34 Pages Posted: 19 Jul 2007
Date Written: July 2007
How can a prosecutor, who has only limited resources, credibly threaten so many defendants with costly and risky trials and extract plea bargains involving harsh sentences? Had defendants refused to settle, many of them would not have been charged or would have escaped with lenient sanctions. But such collective stonewalling requires coordination among defendants, which is difficult if not impossible to attain. Moreover, the prosecutor, by strategically timing and targeting her plea offers, can create conflicts of interest among defendants, frustrating any attempt at coordination. The substantial bargaining power of the resource-constrained prosecutor is therefore the product of the collective action problem that plagues defendants. This conclusion suggests that, despite the common view to the contrary, the institution of plea bargains may not improve the well-being of defendants. Absent the plea bargain option, many defendants would not have been charged in the first place. Thus, we can no longer count on the fact that plea bargains are entered voluntarily to argue that they are desirable for all parties involved.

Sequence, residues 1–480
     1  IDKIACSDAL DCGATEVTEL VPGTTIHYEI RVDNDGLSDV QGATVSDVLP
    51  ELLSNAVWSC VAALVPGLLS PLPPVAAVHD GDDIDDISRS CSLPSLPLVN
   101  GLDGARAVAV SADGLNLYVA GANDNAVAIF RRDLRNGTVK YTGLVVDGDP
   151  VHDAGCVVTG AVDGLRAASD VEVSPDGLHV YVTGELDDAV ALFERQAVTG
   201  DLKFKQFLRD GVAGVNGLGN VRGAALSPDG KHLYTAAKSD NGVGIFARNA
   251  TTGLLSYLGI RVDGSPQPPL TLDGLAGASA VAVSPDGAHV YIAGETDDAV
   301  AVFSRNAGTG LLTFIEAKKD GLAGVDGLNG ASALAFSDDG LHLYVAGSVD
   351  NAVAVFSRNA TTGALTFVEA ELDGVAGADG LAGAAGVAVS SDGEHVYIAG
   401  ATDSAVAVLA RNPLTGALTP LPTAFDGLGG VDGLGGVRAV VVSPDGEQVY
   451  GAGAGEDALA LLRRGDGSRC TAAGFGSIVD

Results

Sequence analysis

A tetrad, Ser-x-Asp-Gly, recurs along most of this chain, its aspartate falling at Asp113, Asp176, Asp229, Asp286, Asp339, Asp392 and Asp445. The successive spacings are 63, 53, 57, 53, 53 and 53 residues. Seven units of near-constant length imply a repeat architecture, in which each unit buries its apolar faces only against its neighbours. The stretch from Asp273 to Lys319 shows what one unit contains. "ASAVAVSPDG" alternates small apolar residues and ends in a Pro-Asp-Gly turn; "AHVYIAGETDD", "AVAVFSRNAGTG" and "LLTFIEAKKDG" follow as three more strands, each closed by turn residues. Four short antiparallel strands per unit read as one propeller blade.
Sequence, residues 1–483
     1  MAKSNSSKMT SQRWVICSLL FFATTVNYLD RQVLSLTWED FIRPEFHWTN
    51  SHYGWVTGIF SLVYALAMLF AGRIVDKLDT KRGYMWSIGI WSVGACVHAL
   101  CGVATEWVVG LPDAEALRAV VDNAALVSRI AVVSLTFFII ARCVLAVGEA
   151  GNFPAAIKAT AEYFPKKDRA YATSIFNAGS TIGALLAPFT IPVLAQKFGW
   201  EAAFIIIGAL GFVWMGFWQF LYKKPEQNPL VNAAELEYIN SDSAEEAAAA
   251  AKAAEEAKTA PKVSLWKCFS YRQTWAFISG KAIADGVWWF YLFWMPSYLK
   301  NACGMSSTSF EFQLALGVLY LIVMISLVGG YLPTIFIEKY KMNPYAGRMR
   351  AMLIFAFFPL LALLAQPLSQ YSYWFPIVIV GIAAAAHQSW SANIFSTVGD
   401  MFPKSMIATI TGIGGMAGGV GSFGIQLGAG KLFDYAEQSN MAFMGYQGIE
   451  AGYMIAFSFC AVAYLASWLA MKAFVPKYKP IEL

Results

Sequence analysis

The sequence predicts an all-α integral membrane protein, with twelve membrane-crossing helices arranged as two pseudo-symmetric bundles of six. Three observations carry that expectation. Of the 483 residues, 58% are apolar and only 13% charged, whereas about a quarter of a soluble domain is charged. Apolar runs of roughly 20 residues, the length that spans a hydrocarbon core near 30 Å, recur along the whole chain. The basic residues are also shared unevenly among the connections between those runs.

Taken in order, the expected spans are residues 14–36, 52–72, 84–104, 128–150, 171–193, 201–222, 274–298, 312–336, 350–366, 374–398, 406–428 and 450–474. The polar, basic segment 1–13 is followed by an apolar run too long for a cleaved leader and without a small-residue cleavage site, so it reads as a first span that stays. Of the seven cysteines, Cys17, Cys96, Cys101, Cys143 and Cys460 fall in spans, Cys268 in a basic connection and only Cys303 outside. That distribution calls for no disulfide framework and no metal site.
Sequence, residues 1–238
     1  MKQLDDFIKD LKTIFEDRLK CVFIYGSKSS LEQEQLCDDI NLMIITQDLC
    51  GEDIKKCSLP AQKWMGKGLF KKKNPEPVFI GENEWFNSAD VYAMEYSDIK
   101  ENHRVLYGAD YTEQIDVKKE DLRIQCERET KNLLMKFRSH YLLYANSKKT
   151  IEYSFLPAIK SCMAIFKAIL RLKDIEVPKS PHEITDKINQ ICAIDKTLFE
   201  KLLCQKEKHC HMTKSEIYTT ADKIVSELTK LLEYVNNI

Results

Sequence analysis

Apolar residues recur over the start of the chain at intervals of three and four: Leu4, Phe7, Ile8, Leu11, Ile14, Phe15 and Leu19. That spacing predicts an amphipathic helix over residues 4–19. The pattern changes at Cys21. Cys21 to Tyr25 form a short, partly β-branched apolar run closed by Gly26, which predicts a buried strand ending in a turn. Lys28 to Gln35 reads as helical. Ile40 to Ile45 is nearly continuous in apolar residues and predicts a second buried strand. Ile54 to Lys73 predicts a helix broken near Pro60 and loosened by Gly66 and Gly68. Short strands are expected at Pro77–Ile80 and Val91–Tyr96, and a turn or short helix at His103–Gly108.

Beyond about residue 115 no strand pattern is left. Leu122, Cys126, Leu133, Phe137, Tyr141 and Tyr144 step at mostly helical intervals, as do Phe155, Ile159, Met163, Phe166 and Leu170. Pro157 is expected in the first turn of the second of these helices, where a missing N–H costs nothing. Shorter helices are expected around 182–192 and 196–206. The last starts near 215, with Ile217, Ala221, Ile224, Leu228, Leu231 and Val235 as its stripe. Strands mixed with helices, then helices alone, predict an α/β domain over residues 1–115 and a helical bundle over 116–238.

Keywords: plea bargain
JEL Classification: K14
Suggested Citation: Suggested Citation
Bar-Gill, Oren and Ben-Shahar, Omri, The Prisoners' (Plea Bargain) Dilemma (July 2007). U of Michigan Law & Economics, Olin Working Paper No. 07-010; NYU Law and Economics Research Paper No. 07-22. Available at SSRN: https://ssrn.com/abstract=1000209 or http://dx.doi.org/10.2139/ssrn.1000209